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Somerset Life goes foraging

PUBLISHED: 16:26 10 October 2012 | UPDATED: 22:02 20 February 2013

Caroline Packenham has lived in Somerset for over 35 years

Caroline Packenham has lived in Somerset for over 35 years

What better time of the year to get out into the countryside and harvest the fruits of the forests and hedgerows around us? Writes Caroline Packenham

Somerset Life goes foraging


What better time of the year to get out into the countryside and harvest the fruits of the forests and hedgerows around us? Writes Caroline Packenham

Forget the housework, switch off the radio and, taking a couple of bags and some secateurs, take yourself off for a walk in the beautiful English countryside, or call a friend and walk the children and dogs at the same time.
I know its been raining a lot this summer but there will be fruit. Through the summer the berries have been ripening, raspberries, strawberries, gooseberries, blueberries and the flavourings from the hedgerows and gardens, the scented elderflower, pungent pelargonium, mints, lavenders and herbs have been developing. How does one keep up with the quantity of fruits that appear at the busiest time of year? Freeze them! Technology can be a wonderful thing; use it and simply bag up the fresh fruit and herbs and put them in a freezer for another day.
Listen to the birds singing, smell the smells and watch the butterflies, gatekeepers, fritillaries, commas gently flying amongst the grasses. Now look for those berries. The creamy, perfumed elderflowers have gone by late July, replaced by large bunches of juicy, black elderberries. Heres where you need your secateurs to cut the bunches straight into your bag. Sloes, small, round, purple berries on very spikey branches are forming, leave these until October/November preferably after a frost which very slightly sweetens them. The blackberries, on the other hand, are ready for picking and should be found in practically every hedgerow. Pick at your own height as the lower ones will be eaten by the foxes and even the dogs. My Newfoundland and Retriever love to pick with me, pulling and sucking at the low-down fruit.
Rosehips are appearing after the simple, pink dog rose has come to an end. Cut these rather than pulling, youll find it easier. These are best cooked with another wild fruit unless you have hundreds, as they dont hold much juice but lots of vitamin C.


Cut only what you need, never take loads, as others, including wildlife, will want to share in the feast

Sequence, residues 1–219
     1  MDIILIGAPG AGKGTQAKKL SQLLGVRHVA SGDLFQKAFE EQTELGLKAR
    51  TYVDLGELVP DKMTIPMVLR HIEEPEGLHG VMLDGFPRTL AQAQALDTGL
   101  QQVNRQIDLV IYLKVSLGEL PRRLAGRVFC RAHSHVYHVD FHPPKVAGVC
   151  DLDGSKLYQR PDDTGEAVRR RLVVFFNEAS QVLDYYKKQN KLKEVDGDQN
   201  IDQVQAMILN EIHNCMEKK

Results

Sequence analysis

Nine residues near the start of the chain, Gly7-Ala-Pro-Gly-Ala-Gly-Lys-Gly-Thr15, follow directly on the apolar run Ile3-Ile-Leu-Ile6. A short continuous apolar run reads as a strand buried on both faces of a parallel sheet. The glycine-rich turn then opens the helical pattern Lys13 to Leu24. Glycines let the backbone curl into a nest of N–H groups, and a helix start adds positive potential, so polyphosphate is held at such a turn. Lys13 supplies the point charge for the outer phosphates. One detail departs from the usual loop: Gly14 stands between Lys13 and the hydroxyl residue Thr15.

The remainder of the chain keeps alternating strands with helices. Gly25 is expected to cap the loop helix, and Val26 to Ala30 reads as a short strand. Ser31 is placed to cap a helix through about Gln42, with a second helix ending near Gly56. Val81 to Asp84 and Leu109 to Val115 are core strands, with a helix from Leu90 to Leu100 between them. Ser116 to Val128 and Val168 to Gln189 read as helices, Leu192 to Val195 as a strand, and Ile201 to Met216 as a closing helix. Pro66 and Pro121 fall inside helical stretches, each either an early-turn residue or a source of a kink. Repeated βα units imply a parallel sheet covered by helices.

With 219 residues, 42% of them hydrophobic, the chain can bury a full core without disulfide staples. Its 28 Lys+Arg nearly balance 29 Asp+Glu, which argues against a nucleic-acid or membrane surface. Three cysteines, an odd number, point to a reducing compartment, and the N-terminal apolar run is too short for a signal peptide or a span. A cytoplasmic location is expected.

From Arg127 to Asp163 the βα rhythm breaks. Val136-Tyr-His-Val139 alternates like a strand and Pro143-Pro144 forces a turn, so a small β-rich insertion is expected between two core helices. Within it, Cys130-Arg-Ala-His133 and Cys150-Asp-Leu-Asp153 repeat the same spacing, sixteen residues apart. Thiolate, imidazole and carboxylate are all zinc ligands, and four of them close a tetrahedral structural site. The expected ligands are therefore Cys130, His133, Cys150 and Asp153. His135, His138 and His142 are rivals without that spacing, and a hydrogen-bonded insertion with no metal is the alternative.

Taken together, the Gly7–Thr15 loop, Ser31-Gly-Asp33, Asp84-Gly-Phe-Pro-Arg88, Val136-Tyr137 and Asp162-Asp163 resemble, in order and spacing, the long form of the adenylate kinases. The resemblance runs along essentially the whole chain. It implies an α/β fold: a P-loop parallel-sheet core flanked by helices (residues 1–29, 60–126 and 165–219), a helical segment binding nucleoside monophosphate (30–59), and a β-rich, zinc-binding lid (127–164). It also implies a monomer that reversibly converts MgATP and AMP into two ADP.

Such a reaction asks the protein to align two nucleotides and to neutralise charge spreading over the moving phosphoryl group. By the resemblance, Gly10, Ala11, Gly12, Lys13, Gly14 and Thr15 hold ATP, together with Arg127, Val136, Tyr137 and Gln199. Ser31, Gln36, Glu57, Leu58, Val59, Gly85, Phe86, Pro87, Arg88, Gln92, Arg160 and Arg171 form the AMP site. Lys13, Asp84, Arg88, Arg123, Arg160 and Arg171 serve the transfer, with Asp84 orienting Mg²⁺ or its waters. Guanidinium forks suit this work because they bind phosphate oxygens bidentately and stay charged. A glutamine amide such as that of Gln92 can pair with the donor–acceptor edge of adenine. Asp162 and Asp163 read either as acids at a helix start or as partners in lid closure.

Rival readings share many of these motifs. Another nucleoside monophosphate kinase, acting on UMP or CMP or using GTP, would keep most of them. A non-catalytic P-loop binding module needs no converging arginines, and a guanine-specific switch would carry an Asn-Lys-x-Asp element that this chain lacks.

The bright orange rowan is found hanging in bunches on the mountain ash tree. A small tree found on the edge of woodlands or along the roads where the council grow them for their shape, size and looks. Cut only what you need, never take loads, as others, including wildlife, will want to share in the feast.
Of course, I cant forget the crabapple. Small, round, green and very bitter but the backbone to jellymaking. These little fruits are filled with pectin, the main ingredient needed for setting your jelly; in fact most bitter fruits are full of pectin. They can be found in most hedgerows falling all over the ground.
I remember, when we were first married we lived in Clevedon and I went foraging. It was amazing what I found; hazelnuts along the lane, field mushrooms in the horse fields and best of all wild raspberries in the overgrown quarry next door to us, what a find!
We have lived in Somerset, on the border of Wiltshire, for over 35 years. The lanes and fields are full of wild fruit but when I need other fruits and vegetables, especially in large quantities, I always go down to the Frome market at Standerwick every Wednesday morning. There I buy boxes of lemons, oranges, pineapples, all sorts, far cheaper than at a supermarket, from Jamie and Julie who even put them into the car for me. Spa Farms sell local cheeses, eggs, hams and pies and I buy my fresh eggs and local cider from two lovely ladies from Cheddar. This is the sort of shopping I love; recycled carriers, no unnecessary packing, easy parking and friendly personal service with laughter. We have even been down to the market in midwinter, snow on the ground, icy winds and there Julie and Jamie still are, selling their fruit and veg.
My other haunts are White Row Farm at Beckington, my favourite farm shop where a lot of the produce is growing in the field in front, and if Im feeling lazy I go down to Mes Amis a small deli/restaurant where I buy take away salads and tarts from Elaine and Martha who make them on the premises.
Remember to keep to the footpaths or ask your local farmers permission to pick in his fields where the fruits will be clean and fresh. Never pull up plants or cut the branches and always leave the high berries are for the birds.



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